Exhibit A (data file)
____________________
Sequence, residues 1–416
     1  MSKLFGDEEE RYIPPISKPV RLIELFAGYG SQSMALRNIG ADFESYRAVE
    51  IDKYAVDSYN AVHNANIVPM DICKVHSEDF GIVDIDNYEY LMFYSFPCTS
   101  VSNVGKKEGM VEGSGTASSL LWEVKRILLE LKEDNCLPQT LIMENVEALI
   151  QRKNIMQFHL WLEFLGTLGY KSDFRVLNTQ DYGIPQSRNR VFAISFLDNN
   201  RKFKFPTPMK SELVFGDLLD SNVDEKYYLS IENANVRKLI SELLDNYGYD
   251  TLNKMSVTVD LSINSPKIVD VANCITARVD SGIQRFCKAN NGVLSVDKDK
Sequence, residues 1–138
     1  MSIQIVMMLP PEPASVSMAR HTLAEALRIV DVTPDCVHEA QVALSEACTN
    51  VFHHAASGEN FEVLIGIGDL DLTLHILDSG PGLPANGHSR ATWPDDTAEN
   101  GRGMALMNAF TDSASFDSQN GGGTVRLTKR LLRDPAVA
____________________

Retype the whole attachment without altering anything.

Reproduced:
Sequence, residues 1–416
     1  MSKLFGDEEE RYIPPISKPV RLIELFAGYG SQSMALRNIG ADFESYRAVE
    51  IDKYAVDSYN AVHNANIVPM DICKVHSEDF GIVDIDNYEY LMFYSFPCTS
   101  VSNVGKKEGM VEGSGTASSL LWEVKRILLE LKEDNCLPQT LIMENVEALI
   151  QRKNIMQFHL WLEFLGTLGY KSDFRVLNTQ DYGIPQSRNR VFAISFLDNN
   201  RKFKFPTPMK SELVFGDLLD SNVDEKYYLS IENANVRKLI SELLDNYGYD
   251  TLNKMSVTVD LSINSPKIVD VANCITARVD SGIQRFCKAN NGVLSVDKDK
Sequence, residues 1–138
     1  MSIQIVMMLP PEPASVSMAR HTLAEALRIV DVTPDCVHEA QVALSEACTN
    51  VFHHAASGEN FEVLIGIGDL DLTLHILDSG PGLPANGHSR ATWPDDTAEN
   101  GRGMALMNAF TDSASFDSQN GGGTVRLTKR LLRDPAVA